How Kenya’s uptake of Sh15,000 in debt every second is hurting households
By Paul Wafula | October 27th 2015
If you had school fees to pay for a child in primary school, rent obligations and food to buy, would you turn down a job offer of Sh300,000 in gross monthly pay and choose to stay home instead?
Alice just did, making what would appear to many as an irrational decision, despite being fully aware of the financial burden on her shoulders as a single mother living in Nairobi. She was retrenched in June, along with several others, after her employer scrapped her sales job, citing a difficult business environment.
She left with a pretty decent retrenchment package from a well-paying job she had held for 12 years, but after three months without a job, she knows the high costs of financing her lifestyle would strain her cash reserves. If nothing turns up soon, she knows January will find her in a pretty desperate situation.
Earlier this month, however, she got a job offer that would have put about Sh180,000 in her bank account a month, after taxes and mandatory deductions, yet she turned it down.
“It was a difficult decision to make. I obviously need a job, but I had a loan repayment of Sh110,000 to think about,” Alice told Business Beat.
It still may not be clear why she would then turn down an opportunity to put money in her account.
Until you consider that after an unprecedented nationwide cash crisis, her bank has twice raised the interest rate on her loan, and for nearly a million other borrowers, with devastating results.
Lending rates have gone up by 12 per cent for some from April this year to a high of 27 per cent. Alice’s new interest rate has sent her monthly repayments to Sh131,000.
If she had taken the job, her take-home salary would be no more than Sh46,000, after Kenya Revenue Authority (KRA) takes away Sh100,000 in income tax, and mandatory deductions for pension and health insurance are made. Her rent alone is Sh43,000, and she took out the loan to start a business that flopped nearly a year and a half ago.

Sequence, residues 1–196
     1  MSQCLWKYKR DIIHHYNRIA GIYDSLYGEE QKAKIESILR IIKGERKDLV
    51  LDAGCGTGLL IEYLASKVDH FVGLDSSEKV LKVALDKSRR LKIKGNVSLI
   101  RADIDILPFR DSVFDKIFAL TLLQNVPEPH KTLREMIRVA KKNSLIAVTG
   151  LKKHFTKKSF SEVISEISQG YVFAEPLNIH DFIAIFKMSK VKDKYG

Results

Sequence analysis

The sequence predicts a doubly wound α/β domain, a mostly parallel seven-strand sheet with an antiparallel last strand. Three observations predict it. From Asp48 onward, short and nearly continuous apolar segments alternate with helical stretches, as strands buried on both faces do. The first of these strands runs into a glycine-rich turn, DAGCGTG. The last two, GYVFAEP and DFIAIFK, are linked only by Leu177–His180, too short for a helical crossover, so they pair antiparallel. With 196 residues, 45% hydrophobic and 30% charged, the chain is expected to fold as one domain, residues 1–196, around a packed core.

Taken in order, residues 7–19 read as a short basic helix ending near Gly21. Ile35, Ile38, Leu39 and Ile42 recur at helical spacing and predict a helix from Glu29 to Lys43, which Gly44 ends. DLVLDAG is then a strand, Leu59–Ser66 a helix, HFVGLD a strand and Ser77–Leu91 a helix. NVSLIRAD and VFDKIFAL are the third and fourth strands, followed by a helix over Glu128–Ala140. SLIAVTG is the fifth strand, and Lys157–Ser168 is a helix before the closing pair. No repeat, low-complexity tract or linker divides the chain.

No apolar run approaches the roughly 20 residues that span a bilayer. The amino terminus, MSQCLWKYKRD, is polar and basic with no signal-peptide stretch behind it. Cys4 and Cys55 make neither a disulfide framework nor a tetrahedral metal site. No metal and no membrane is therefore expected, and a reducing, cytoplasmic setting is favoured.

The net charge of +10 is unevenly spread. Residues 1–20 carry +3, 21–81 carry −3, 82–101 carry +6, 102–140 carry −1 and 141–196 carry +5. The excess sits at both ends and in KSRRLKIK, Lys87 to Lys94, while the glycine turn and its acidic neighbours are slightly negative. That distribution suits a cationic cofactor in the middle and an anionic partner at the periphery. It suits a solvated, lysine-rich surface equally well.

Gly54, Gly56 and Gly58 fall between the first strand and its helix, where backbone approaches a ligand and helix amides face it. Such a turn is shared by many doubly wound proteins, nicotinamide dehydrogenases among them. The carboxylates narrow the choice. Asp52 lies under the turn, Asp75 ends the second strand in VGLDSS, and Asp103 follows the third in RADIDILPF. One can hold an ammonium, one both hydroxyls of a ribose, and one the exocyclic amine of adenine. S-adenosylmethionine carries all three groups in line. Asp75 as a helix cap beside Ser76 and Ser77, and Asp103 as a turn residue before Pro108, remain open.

In the meantime, her bank has turned to the firm that insured Alice’s loan for monthly repayments as she looks for a job.
And this is an arrangement that is looking more and more attractive to borrowers newly hit with increased cash demands from their banks.
“I’m very tempted to quit my job and go into business after my bank notified me last week that my loan repayments will go up by Sh16,000. Every single shilling I earn does something important; I have nothing to spare,” said Lucas, a public relations officer.
His monthly loan repayment is Sh100,000, and his resources are strained. He is building a house and reckons that if he quits his job, his loan insurer can step in for about a year while he uses the time to devote to business to boost his income. His salary is static and largely committed to his bank after all, Lucas reasons.
“Finding an additional Sh16,000 would be like paying rent on a second house. I don’t have the kind of wiggle room in my monthly budget to do this. Defaulting, on the other hand, would spoil my chances of ever getting another loan, but a job loss is covered by insurance. I may need to quit; what other option do I have?”
Two things have happened in the macro, or national, level of the economy that are now trickling down to Kenyans like Alice and Lucas.